In matters of religion and matrimony I never give any advice; because I will not have anybody’s torments in this world or the next laid to my charge.
Earl of Chesterfield, Letter to A.C. Stanhope, 1765
At first glance, geography and religion seem to be curious bedfellows. However, even a brief reflection reveals a myriad of ways in which the two interact—religion affects people and their behaviour in many different ways, and geographers have traditionally been concerned with the spatial patterns, distributions and manifestations of people and environment. Glacken notes how,
in ancient and modern times alike, theology and geography have often been closely related studies because they meet at crucial points of human curiosity. If we seek after the nature of God, we must consider the nature of man and the earth, and if we look at the earth, questions of divine purpose in its creation and of the role of mankind inevitably arise.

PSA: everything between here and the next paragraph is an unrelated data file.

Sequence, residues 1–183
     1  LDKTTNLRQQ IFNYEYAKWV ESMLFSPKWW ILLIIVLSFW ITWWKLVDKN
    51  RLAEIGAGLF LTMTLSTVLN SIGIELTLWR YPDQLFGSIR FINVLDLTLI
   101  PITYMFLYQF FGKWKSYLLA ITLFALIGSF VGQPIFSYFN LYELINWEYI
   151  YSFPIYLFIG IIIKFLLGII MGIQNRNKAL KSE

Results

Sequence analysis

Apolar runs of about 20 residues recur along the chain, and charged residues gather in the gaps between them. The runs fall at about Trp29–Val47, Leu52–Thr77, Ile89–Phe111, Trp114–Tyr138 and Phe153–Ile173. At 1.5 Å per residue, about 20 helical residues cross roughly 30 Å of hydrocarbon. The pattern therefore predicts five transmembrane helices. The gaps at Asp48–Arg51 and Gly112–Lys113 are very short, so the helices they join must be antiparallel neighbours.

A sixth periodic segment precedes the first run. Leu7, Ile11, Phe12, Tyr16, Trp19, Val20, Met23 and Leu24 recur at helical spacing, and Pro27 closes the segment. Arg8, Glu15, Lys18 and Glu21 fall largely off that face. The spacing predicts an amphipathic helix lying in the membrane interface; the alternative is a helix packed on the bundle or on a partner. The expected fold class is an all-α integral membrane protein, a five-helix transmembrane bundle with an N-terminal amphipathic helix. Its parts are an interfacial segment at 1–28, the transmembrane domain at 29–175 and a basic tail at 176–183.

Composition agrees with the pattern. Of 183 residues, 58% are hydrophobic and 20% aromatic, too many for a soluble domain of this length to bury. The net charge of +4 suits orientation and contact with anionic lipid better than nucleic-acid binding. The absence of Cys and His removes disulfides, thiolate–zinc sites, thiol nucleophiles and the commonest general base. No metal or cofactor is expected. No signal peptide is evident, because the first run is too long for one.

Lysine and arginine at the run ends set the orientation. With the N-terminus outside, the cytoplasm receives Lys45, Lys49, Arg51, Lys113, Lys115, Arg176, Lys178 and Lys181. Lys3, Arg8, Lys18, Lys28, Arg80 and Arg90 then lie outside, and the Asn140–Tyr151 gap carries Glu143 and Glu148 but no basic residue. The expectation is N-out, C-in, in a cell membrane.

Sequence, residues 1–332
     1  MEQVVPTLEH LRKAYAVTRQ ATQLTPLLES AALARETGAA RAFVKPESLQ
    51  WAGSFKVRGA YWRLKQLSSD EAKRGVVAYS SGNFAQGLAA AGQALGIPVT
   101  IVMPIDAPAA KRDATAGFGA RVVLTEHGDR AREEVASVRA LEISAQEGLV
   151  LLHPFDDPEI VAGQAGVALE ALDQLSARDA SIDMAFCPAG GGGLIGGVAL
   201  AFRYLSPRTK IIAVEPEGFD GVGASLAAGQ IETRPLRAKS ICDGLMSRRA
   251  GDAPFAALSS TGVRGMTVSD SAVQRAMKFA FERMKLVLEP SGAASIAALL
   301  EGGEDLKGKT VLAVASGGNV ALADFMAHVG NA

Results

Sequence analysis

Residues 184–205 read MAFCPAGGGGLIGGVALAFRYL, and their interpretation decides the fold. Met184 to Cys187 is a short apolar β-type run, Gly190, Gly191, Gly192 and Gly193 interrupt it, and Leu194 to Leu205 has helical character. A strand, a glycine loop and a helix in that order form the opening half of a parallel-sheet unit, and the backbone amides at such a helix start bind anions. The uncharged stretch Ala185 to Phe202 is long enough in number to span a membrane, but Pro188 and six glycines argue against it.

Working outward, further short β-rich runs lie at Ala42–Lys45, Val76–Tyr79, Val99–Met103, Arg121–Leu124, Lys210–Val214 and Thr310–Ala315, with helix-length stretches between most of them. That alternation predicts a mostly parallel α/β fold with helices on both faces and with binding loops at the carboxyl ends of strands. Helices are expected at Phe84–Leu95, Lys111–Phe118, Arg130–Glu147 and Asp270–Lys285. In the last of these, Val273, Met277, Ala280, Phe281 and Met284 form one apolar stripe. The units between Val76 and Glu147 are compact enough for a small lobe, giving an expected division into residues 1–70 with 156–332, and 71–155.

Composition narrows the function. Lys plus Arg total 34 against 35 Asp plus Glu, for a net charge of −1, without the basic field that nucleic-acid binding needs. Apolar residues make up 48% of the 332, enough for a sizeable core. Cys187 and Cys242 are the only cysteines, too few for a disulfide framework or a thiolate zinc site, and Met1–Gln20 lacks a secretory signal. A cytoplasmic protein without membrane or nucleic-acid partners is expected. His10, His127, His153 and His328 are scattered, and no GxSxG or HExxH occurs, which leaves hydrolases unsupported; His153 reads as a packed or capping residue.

None the less, the study of geography and religion remains peripheral to modern academic geography. The Earl of Chesterfield was doubtless correct in insisting that ‘religion is by no means a proper subject of conversation in a mixed company’, but the real reason for this marginality lies more in the assumed rationality of post-Enlightenment science, which dismisses as irrational (thus undeserving of academic study) such fundamental human qualities as mystery, awe and spirituality—reflections of the very essence of humanness.
Yet a geography that ignores what we might call ‘the supernatural’ neglects some of the most deeply rooted triggers of human behaviour and attitudes, is blind to some critical dimensions of humanity and overlooks some profoundly significant implications of geographical patterns of human activity and